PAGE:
Chlamydia, gonorrhea, syphilis, trichomoniasis, and BV can be treated and cured with antibiotics during pregnancy. Viral STIs, such as genital herpes and HIV, have no cure. But antiviral medication may be appropriate for some pregnant woman with herpes to reduce symptoms. For women who have active genital herpes lesions at the onset of labor, a cesarean delivery (C-section) can lower the risk of passing the infection to the newborn. For women who are HIV positive, taking antiviral medicines during pregnancy can lower the risk of giving HIV to the newborn to less than 2 percent. C-section is also an option for some women with HIV. Women who test negative for hepatitis B may receive the hepatitis B vaccine during pregnancy.
Pregnant women also can take steps to lower their risk of getting an STI during pregnancy.
Talk with your doctor, nurse, or a lactation consultant about the risk of passing the STI to your baby while breastfeeding. If you have chlamydia or gonorrhea, you can keep breastfeeding. If you have syphilis or herpes, you can keep breastfeeding as long as the sores are covered. Syphilis and herpes are spread through contact with sores and can be dangerous to your newborn. If you have sores on your nipple or areola, stop breastfeeding on that breast. Pump or hand express your milk from that breast until the sore clears. Pumping will help keep up your milk supply and prevent your breast from getting engorged or overly full. You can store your milk to give to your baby in a bottle for another feeding. But if parts of your breast pump that contact the milk also touch the sore(s) while pumping, you should throw the milk away.
If you are being treated for an STI, ask your doctor about the possible effects of the drug on your breastfeeding baby. Most treatments for STIs are safe to use while breastfeeding.
Yes. Research on STIs is a public health priority. Research is focused on prevention, diagnosis, and treatment.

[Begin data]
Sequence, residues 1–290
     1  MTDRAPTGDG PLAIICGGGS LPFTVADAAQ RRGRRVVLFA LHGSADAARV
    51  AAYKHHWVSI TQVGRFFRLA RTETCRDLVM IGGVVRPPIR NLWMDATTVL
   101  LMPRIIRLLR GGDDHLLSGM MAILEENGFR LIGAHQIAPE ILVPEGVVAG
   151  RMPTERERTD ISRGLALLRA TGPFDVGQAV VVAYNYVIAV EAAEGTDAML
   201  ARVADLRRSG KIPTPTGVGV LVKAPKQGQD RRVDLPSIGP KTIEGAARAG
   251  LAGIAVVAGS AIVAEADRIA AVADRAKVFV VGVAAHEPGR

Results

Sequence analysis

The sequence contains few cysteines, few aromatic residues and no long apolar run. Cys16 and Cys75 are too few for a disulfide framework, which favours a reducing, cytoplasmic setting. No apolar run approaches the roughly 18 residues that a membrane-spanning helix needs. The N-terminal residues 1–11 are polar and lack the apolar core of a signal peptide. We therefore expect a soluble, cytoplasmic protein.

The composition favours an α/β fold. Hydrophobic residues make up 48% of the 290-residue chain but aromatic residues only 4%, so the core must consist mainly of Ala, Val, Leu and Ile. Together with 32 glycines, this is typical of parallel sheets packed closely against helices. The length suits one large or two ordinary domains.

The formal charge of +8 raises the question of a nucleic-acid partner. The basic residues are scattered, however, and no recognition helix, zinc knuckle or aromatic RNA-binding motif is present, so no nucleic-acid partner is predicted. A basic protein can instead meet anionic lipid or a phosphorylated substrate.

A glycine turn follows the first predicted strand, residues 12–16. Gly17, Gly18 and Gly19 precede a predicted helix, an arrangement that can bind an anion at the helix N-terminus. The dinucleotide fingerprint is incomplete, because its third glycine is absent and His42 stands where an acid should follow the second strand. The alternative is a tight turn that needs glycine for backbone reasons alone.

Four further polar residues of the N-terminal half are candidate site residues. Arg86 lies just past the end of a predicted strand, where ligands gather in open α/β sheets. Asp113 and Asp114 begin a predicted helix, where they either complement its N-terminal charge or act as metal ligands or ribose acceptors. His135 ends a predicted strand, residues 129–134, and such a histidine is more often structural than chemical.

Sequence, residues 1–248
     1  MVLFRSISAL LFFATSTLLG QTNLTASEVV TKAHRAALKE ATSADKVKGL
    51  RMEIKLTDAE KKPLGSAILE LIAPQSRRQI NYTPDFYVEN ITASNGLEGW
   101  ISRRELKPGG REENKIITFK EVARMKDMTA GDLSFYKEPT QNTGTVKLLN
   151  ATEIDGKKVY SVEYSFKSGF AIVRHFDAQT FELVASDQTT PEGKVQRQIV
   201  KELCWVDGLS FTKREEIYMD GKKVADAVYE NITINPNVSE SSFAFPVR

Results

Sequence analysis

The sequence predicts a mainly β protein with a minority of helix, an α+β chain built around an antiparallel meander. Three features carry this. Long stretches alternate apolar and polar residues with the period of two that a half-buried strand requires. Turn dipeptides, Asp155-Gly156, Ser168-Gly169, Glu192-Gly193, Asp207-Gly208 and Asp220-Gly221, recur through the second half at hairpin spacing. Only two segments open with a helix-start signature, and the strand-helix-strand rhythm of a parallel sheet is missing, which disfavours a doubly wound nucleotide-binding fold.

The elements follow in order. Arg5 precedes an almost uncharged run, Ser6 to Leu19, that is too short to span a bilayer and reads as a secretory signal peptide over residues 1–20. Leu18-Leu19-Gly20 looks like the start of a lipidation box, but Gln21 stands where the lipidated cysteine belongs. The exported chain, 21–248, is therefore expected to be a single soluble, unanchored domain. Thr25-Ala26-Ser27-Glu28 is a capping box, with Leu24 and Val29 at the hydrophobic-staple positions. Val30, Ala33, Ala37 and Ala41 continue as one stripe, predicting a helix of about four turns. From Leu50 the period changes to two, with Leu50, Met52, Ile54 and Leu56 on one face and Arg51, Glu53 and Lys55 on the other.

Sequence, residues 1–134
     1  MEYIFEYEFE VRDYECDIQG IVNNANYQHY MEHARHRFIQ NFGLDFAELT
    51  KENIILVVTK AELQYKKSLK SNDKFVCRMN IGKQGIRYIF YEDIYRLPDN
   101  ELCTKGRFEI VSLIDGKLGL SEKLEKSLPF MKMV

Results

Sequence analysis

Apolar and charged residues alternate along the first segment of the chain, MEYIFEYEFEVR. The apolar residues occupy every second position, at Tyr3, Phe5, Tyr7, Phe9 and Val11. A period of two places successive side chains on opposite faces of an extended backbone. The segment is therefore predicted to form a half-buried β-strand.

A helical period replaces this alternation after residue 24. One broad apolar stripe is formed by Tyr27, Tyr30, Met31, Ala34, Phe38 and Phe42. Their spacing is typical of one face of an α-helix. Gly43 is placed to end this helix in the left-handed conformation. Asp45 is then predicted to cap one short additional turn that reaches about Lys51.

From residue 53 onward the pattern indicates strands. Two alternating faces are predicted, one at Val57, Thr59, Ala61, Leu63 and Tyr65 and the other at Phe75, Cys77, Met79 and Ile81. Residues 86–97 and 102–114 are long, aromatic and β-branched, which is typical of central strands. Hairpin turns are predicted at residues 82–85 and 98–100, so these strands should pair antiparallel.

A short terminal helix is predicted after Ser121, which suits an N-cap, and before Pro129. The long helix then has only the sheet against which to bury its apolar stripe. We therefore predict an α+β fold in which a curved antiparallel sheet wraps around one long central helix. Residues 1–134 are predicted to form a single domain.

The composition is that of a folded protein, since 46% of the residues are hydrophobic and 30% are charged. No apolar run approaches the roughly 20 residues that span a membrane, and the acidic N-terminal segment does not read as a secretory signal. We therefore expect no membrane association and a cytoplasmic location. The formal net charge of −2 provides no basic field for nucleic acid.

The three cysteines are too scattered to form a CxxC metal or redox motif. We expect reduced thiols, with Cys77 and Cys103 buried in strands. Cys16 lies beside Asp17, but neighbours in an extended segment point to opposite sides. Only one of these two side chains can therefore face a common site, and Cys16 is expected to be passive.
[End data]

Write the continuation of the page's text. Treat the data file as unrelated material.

With prevention, researchers are looking at strategies such as vaccines and topical microbicides (meye-KROH-buh-syds). One large study is testing a herpes vaccine for women. Topical microbicides could play a big role in protecting women from getting STIs. But so far, they have been difficult to design. They are gels or creams that would be put into the vagina to kill or stop the STI before it could infect someone. Researchers are also looking at the reasons some people are at higher risk of STIs, and ways to lower these risks.
Early and fast diagnosis of STIs means treatment can start right away. Early treatment helps to limit the effects of an STI and keep it from spreading to others. Researchers are looking at quick, easy, and better ways to test for STIs, including vaginal swabs women can use to collect a sample for testing. They also are studying the reasons why many STIs have no symptoms, which can delay diagnosis.
Research also is underway to develop new ways to treat STIs. For instance, more and more people are becoming infected with types of gonorrhea that do not respond well to drugs. So scientists are working to develop new antibiotics to treat these drug-resistant types. An example of treatment research success is the life-prolonging effects of new drugs used to treat HIV.
For more information about sexually transmitted infections (STI), call womenshealth.gov at 800-994-9662 (TDD: 888-220-5446) or contact the following organizations:
Content last updated: July 16, 2012.
Resources last updated: November 16, 2009.